The low Fructose, Oligo-saccharide, Di-saccharide, Mono-saccharide and Polyols (FODMAP) diet is a therapeutic diet which is often recommended to people who are diagnosed with functional bowel disorders such as IBS. FODMAPs do not cause IBS however there is substantial scientific evidence to show that limiting FODMAP foods can help symptom management for many IBS sufferers. To understand more about these foods and the effect they have on the body go to

Before embarking on this diet, it is important to consider the following:

  • Restricted diets can increase your risk of developing nutritional deficiencies, this diet is best undertaken under the guidance of a qualified health professional.
  • Do you have the right type of gut condition for this diet to be of benefit? If you haven’t already done so then discuss your symptoms with a GP so they can discuss the suitability of the low FOMAP diet or refer you on to someone who can.
  • It is recommended that you do not follow the low FODMAP diet for longer than 8 weeks if your symptoms are not improving.
  • You will find different information on how much FODMAP a particular food might contain. The now widely recognised guidelines for the UK are from the dietetics team at King’s College Hospital.
  • FODMAPs occur naturally in a wide range of foods.

Tips on how to follow the diet

There are four stages

Stage One – Planning

Stage Two – FODMAP restriction (4 – 8 weeks)

Stage Three – Reintroduction and food challenges

Stage Four – Personalisation


  1. Let your family and friends know that you are going to be making some dietary changes.
  2. Start by planning. Take time to prepare. Choose a realistic start date. Familiarise yourself with the low FODMAP foods list, new ingredients online, in supermarkets and in specialist shops. The Simply FODMAP book has a list of low FODMAP ingredients at the back with details of suppliers link
  3. Download a symptom tracker for your smart phone or get a notebook so you can keep a food symptom diary. Enter your symptoms before you start the diet.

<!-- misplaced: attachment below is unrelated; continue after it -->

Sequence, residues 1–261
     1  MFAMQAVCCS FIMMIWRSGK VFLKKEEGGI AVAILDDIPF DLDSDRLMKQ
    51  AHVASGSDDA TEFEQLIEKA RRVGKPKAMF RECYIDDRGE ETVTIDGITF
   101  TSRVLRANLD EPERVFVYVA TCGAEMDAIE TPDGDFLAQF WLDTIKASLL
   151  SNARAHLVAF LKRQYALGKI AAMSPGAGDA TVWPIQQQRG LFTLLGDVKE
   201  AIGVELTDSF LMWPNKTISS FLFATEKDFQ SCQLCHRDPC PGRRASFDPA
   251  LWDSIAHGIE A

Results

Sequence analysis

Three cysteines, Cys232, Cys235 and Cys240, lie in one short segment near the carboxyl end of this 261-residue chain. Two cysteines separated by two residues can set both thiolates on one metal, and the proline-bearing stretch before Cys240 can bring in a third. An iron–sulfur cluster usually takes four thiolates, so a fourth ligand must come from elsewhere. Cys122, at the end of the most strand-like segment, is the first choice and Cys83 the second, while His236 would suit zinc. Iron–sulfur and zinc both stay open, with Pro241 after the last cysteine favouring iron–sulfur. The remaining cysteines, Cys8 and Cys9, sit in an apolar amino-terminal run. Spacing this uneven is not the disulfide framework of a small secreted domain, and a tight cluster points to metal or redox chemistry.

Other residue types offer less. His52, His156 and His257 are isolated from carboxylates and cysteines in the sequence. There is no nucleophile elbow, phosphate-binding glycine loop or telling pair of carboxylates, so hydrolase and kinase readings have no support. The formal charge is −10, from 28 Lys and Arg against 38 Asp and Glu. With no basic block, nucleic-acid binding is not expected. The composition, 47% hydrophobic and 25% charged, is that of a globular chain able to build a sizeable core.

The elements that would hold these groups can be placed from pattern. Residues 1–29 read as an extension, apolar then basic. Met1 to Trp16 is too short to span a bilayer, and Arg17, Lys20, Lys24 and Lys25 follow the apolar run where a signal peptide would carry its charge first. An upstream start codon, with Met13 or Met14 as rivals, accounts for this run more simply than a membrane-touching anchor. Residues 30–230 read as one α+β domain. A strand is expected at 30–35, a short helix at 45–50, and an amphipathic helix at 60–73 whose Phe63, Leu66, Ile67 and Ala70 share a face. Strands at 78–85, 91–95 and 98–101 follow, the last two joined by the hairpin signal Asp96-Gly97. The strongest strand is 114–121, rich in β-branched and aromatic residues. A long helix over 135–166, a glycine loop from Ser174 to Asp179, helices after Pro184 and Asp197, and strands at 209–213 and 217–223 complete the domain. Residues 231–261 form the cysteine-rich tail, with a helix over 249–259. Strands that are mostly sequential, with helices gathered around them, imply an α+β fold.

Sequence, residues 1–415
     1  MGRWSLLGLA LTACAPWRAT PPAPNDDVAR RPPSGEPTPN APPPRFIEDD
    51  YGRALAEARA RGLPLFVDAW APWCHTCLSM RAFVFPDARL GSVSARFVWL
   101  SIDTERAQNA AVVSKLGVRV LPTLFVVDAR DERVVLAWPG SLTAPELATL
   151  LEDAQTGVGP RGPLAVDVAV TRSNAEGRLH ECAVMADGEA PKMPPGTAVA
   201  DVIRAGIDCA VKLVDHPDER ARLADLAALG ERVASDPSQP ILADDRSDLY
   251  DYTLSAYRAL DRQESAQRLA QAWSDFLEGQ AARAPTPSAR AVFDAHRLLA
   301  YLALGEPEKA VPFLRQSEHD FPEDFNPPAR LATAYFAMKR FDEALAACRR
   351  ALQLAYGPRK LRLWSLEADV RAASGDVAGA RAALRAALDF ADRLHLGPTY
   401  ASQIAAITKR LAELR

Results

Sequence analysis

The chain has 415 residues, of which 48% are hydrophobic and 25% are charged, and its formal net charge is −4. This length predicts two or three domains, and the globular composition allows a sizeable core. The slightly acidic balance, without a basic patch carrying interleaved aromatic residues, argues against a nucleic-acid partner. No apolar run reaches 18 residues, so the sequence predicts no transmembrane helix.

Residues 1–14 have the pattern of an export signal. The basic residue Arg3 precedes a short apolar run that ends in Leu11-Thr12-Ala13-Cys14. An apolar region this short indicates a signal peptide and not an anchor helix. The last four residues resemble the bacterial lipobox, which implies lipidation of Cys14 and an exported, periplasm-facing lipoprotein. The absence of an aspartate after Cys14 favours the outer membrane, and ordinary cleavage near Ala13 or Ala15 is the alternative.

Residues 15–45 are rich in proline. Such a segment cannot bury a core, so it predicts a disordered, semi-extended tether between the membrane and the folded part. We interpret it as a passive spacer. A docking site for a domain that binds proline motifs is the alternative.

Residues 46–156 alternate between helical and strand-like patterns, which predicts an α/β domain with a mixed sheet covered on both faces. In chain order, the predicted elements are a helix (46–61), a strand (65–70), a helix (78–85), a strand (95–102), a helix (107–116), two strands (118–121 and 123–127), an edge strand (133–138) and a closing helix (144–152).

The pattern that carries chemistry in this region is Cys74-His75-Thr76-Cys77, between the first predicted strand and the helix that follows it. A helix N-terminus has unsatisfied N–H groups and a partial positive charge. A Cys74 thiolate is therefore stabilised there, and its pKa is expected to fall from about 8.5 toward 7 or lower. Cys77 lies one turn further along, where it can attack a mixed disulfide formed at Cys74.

4. Create a meal plan for the first couple of weeks. You can use the one in the Simply FODMAP book which has the meal plans, recipes and a shopping list

FODMAP restriction

At this stage you follow the diet for 4 to 6 weeks in order to allow enough time to see how you respond.

After completing this stage if you see some improvement in your symptoms then you can move on to Stage Three – reintroduction. If your symptoms do not improve there could be a number of reasons for this which you should discuss with your practitioner.

It is not recommended to follow the low FODMAP diet for more than 8 weeks if symptoms do not improve.

Reintroduction and food challenges

This stage will help you to understand which foods you tolerate and which foods you don’t. Again seek the advice of a practitioner to help guide you through this process.

Start by testing foods from a specific FODMAP group for example orange juice which is in the fructose group. Some foods have more than one FODMAP type for example a mango yoghurt would have two types of FODMAPs, fructose and fructose.  It is important to start with the foods which have only one type of FODMAP. This means you will be testing a single parameter. Included in the Simply FODMAP book is a food challenge table to help guide you through this process

Reintroduction notes

  • Leave three days between each new food that you introduce. This will ensure that any symptoms are not due to a delayed reaction.
  • If you experience symptoms whilst completing a challenge you should stop the challenge and allow symptoms to subside before trying the next food.
  • We recommend that you complete no fewer than six food challenges and allow 6 – 8 weeks to complete this stage.
  • Keep a food symptom diary so you can track which foods you have reintroduced and what symptoms may have occurred.


Once you complete the reintroduction and food challenge stage you should have a good idea of what FODMAP types you do and don’t tolerate so you will know what foods you can reintroduce and which you need to avoid.

It is important to have a varied diet to ensure that you are getting plenty of vitamins and minerals. If you avoid complete food groups for example dairy then you need to be sure you are getting adequate calcium in your diet. This is something you can discuss with a practitioner.

Be aware of the “additive effect” of combining FODMAPs. Even if you tolerated a slice of bread, cream cheese and onion in your individual challenges, if you combine all three together the total FODMAP load may be enough to trigger a reaction.

There are a number of good resources to help you to follow a low FODMAP diet. The Food Maestro APP FODMAP APP enables you to scan foods and look them up to see if they are FODMAP friendly. You may also want to download the Simply FODMAP book

Kings College also have information about the low FODMAP diet on their website